The £417,000 award from the National Centre for the Replacement, Refinement & Reduction of Animals in Research (NC3Rs) will be used to develop a gel, originally created for stem cell research, to incorporate many of the key features found in human breast tissue such as proteins and sugars from the matrix surrounding the breast cells.
Currently, studies investigating breast cell behaviour often use rodent models. The team will provide an alternative lab based gel to mimic human breast tissue. This will allow breast cell models to be grown in the lab and to help the researchers understand the influence of the breast matrix in breast cancer progression.
The hydrogel technology was developed at The University of Manchester. The initial interdisciplinary development of the gel was funded from grants from UMI3 as well as the Engineering and Physical Sciences Research Council. The team started working together after inter-faculty networking sessions highlighted their complementary expertise.
One of the developers who will be working on the new project is Dr Cathy Merry, now of the University of Nottingham. She said: “By developing a bespoke gel which can be programmed to behave in the same way as human breast tissue we will be able to investigate how cancers are influenced by the adjacent normal cells and the non-cellular stroma without the need to use animals.”
“Currently non-animal tumour models poorly represent the complex environment experienced by cancer cells but the approach planned with this gel has the potential to replicate the cancer environment seen in humans.”
The gels will be produced in collaboration with The University of Manchester’s Dr Gillian Farnie and Professor Tony Howell, who provide expertise in primary breast cell culture, ductal carcinoma in situ (DCIS) and breast ECM/density. Dr Farnie said: “There is strong evidence showing the development of breast cancers is influenced by interactions between breast tissue and cells within the breast.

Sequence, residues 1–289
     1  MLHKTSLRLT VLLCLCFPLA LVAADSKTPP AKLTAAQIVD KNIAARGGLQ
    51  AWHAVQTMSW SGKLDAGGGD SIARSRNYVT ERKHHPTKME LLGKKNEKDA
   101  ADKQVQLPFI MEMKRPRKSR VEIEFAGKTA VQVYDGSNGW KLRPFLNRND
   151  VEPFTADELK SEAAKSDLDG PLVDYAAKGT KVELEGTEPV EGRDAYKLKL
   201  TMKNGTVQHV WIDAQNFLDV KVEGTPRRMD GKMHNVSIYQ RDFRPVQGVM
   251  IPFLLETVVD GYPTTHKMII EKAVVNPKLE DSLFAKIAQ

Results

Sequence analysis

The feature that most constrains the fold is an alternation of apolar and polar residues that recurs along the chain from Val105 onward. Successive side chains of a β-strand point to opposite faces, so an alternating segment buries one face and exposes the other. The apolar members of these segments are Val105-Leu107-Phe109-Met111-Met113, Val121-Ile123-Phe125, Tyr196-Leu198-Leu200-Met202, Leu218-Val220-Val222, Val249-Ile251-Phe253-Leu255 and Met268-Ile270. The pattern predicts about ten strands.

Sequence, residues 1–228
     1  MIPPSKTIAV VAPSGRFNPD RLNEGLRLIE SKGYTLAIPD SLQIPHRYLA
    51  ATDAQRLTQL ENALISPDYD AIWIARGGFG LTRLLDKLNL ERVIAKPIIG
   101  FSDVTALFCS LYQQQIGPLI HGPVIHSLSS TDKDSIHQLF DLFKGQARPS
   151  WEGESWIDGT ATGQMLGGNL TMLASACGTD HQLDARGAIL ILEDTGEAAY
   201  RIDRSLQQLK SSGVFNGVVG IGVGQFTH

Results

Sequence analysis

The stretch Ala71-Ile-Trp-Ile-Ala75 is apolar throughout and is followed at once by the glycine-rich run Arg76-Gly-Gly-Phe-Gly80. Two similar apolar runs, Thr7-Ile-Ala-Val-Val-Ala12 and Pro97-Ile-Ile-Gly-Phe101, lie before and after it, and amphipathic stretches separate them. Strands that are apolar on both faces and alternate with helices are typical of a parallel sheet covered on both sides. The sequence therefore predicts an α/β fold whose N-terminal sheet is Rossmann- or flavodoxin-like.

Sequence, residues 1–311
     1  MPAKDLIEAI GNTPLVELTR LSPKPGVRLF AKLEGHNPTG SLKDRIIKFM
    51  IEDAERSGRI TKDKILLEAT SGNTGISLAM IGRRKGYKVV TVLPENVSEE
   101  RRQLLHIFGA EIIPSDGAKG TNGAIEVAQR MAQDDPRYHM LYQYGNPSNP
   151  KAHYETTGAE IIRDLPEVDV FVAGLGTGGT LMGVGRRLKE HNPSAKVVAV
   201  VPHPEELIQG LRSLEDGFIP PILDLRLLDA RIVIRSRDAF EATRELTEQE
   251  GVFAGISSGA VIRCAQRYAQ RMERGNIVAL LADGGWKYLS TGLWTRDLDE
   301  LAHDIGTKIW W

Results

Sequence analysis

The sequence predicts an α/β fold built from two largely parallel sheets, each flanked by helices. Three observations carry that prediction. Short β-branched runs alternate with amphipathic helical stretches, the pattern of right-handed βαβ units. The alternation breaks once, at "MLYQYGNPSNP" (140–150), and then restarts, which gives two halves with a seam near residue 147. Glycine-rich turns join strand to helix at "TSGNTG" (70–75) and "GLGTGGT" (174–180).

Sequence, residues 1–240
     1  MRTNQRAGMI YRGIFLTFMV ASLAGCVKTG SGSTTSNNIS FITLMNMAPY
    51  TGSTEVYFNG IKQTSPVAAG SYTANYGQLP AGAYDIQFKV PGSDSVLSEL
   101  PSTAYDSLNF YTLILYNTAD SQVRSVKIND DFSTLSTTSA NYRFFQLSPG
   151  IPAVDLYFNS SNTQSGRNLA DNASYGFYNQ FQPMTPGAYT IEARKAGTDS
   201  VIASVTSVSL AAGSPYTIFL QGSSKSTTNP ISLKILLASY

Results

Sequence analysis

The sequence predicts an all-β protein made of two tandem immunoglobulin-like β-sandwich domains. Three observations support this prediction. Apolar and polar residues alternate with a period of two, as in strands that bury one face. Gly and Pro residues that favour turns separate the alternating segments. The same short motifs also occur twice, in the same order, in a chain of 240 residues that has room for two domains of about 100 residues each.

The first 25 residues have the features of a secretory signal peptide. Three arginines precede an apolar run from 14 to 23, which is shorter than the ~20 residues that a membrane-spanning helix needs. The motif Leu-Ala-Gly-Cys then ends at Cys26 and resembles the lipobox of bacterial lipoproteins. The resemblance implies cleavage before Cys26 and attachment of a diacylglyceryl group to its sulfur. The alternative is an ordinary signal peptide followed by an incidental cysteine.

“The protein and sugar components of breast tissue are different in normal and cancer samples and these changes occur in the early stages of breast cancer development such as ductal carcinoma in-situ.
“Our preliminary evidence indicates that the innovative hydrogel technology will enable us to manipulate the environment of pre-cancers to determine the exact mechanism of the interactions which we believe will lead to new ways to treat and prevent breast cancers.”
As well as replicating aspects of the complex mixture of proteins that embed and support cells, the hydrogel will also be manipulated to mimic breast density — a key predictor of breast cancer recurrence and development.
Professor Howell added: “The synthetic hydrogels allow us to manipulate the matrix environment and density to measure the response of pre-cancerous breast cells. The advance is that complex interactions can now be studied in a highly systematic and reproducible way. Understanding the interactions will potentially lead to new approaches to breast cancer prevention and treatment. Thankfully these experiments are now possible without animal models thus saving animals and on expense. ”
The research team believe this research will also pave the way for further hydrogels which mimic alternative tissues which could then be used for other solid cancers.